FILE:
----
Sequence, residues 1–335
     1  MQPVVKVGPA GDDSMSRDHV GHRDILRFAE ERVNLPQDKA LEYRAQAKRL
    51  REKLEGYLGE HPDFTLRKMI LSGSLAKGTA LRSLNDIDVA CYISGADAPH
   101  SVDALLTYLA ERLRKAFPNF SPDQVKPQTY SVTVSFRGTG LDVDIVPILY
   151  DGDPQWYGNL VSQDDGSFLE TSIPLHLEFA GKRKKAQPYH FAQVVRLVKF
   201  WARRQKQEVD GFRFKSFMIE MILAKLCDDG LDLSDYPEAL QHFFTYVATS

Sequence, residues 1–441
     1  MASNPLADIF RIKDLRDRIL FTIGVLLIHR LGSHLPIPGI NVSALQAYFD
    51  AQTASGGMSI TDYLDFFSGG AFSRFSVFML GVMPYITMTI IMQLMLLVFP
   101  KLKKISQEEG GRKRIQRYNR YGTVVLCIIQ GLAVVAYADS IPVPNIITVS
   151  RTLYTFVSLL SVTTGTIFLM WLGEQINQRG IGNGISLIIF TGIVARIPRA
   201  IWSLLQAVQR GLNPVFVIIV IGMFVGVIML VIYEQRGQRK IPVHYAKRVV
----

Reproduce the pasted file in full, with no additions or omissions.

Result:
Sequence, residues 1–335
     1  MQPVVKVGPA GDDSMSRDHV GHRDILRFAE ERVNLPQDKA LEYRAQAKRL
    51  REKLEGYLGE HPDFTLRKMI LSGSLAKGTA LRSLNDIDVA CYISGADAPH
   101  SVDALLTYLA ERLRKAFPNF SPDQVKPQTY SVTVSFRGTG LDVDIVPILY
   151  DGDPQWYGNL VSQDDGSFLE TSIPLHLEFA GKRKKAQPYH FAQVVRLVKF
   201  WARRQKQEVD GFRFKSFMIE MILAKLCDDG LDLSDYPEAL QHFFTYVATS

Sequence, residues 1–441
     1  MASNPLADIF RIKDLRDRIL FTIGVLLIHR LGSHLPIPGI NVSALQAYFD
    51  AQTASGGMSI TDYLDFFSGG AFSRFSVFML GVMPYITMTI IMQLMLLVFP
   101  KLKKISQEEG GRKRIQRYNR YGTVVLCIIQ GLAVVAYADS IPVPNIITVS
   151  RTLYTFVSLL SVTTGTIFLM WLGEQINQRG IGNGISLIIF TGIVARIPRA
   201  IWSLLQAVQR GLNPVFVIIV IGMFVGVIML VIYEQRGQRK IPVHYAKRVV